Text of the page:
For Bears kicker Cody Parkey, though, he’s had to wait a week until he gets his next “meaningful” chance at making a field goal after missing a game-winning 53-yard attempt last weekend against the Miami Dolphins. But moving on from a critical missed kick has never, and is not, a problem for the fifth-year veteran. 

“(It takes) five minutes,” Parkey said. “You kick the ball, and if it doesn’t go in you’re not going to sit there and cry on the field, you’re going to continue to move on with your life. I don’t think there’s really much to it other than knowing you’re going to have to kick another one sometime throughout the season, next game, in the next week, you never know. You stay ready so you’ll be ready for the next week.”

Not allowing those missed kicks to fester is an important trait for a placekicker to possess. What helps Parkey quickly work through his misses is focusing on having a good week of kicking in practice, and also an even-keel mindset that’s been instilled in him since a young age. 

“I think I’ve always been pretty mellow,” Parkey said. “At a young age, my coaches told me never let the highs get to high, never let the lows get too low. And I’ve kind of taken that to heart. If I miss a game winner, make a game winner, I’m going to have the same demeanor. I’m just going to be super chill and knowing it’s a game, it’s supposed to be fun, we’re supposed to go out there and try our best. I put in a lot of work and I try my best on the field.”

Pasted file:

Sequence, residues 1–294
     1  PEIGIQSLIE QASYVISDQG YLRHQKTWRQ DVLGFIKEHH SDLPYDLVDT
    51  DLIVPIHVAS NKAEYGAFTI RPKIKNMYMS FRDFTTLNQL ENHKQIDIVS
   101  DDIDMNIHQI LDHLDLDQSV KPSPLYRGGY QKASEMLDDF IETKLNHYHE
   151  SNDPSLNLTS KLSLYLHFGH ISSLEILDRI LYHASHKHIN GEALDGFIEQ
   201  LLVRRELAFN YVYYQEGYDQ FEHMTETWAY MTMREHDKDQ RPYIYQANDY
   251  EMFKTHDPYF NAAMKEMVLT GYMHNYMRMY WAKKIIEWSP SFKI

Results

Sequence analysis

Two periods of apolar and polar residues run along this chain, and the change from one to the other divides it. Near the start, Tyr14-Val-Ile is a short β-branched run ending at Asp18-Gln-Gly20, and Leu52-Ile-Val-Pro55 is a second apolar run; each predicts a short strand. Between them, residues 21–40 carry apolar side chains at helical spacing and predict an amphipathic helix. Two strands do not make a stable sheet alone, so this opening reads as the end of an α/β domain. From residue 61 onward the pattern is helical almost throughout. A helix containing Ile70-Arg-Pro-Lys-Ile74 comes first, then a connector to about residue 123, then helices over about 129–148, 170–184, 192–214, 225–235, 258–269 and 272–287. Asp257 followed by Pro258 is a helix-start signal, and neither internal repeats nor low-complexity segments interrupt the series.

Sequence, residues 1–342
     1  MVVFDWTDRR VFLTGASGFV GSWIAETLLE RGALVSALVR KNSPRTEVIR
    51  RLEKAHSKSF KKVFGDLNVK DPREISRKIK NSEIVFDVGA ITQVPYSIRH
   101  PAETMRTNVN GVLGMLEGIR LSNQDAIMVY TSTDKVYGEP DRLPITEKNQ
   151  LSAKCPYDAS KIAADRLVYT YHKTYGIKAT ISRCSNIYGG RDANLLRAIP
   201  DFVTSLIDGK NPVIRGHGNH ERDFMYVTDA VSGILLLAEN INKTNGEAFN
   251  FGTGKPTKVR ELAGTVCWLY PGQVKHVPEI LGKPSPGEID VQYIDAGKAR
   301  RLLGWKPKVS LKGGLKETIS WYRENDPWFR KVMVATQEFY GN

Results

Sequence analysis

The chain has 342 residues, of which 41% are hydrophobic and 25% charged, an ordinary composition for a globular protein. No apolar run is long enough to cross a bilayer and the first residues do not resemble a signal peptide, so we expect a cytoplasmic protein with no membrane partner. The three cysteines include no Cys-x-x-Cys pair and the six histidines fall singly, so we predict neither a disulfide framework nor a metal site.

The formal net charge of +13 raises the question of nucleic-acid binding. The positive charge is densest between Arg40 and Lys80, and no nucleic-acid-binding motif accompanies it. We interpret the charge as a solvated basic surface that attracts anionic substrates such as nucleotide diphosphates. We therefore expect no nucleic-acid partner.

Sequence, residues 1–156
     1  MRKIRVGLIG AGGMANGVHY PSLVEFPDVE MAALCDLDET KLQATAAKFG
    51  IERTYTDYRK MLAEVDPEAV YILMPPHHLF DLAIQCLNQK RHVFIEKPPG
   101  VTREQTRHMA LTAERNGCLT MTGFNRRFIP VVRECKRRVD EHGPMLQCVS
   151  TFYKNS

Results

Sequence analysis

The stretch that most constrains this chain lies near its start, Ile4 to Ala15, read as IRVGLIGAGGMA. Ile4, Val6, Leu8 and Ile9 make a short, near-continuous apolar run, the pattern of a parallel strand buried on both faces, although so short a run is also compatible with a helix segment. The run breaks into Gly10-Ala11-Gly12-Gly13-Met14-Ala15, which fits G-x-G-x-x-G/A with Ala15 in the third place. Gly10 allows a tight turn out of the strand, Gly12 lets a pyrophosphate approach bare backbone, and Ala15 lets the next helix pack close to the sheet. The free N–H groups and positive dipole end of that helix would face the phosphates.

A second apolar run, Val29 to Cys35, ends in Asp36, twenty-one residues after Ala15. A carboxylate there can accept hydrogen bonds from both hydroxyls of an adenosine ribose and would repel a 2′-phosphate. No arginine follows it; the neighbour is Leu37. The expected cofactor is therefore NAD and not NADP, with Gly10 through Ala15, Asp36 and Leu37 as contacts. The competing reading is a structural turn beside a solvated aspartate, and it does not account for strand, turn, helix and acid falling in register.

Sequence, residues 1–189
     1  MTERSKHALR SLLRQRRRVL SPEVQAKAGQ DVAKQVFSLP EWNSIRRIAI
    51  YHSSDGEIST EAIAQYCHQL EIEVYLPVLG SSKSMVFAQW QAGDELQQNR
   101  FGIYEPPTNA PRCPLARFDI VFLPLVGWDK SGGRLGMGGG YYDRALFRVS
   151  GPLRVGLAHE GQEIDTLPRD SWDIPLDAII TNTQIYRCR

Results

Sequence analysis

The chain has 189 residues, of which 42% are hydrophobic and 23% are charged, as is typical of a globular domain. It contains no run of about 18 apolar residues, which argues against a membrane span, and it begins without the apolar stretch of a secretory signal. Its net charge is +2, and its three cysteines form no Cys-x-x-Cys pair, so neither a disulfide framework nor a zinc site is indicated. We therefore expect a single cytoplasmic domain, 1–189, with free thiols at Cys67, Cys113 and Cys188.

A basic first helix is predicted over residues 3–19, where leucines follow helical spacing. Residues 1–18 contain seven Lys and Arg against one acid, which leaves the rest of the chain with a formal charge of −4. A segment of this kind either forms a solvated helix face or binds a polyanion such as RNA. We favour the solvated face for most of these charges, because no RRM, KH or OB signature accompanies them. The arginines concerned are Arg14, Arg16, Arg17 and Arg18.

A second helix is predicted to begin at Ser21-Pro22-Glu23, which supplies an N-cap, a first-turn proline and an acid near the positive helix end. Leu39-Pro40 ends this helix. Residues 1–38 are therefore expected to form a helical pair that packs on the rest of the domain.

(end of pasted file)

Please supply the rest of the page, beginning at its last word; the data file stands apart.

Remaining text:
That’s something, too, that special teams coach Chris Tabor sees in Parkey. 

“He's always been like that,” Tabor said. “He hit a good ball, his line was just off. In his career going in he was 7-of-8 over 50 yards. I'll be honest with you, I thought he was going to make it. And next time we have that situation, I know he will make it.” 

Age is just a number

Sunday will mark the 6th time in Tom Brady’s career that the 41-year-old has faced a head coach younger than him, but the first time it’ll be a coach other than Miami’s Adam Gase (who’s 40). Brady is 3-2 against Gase’s Dophins. 

Matt Nagy, meanwhile, is also 40. Brady just missed playing Kyle Shanahan (38) and Sean McVay (32), facing the San Francisco 49ers and Los Angeles Rams in 2016, a year before both those youthful coaches were hired. 

Meanwhile, the youngest player on the Bears — 21-year-old Roquan Smith — was three years old when Brady made his unassuming NFL debut on Nov. 23, 2000. 

They said it

A couple of amusing one-liners out of Halas Hall this week…

Nagy, when it was brought to his attention that Mitch Trubisky (105.6) has a better passer rating than Brady (98.2), chuckled: “You want to say that one more time?” 

Patriots tight end Rob Gronkowski, when asked if he’d ever heard of “Baby Gronk” Adam Shaheen: “(long pause)… Sometimes.”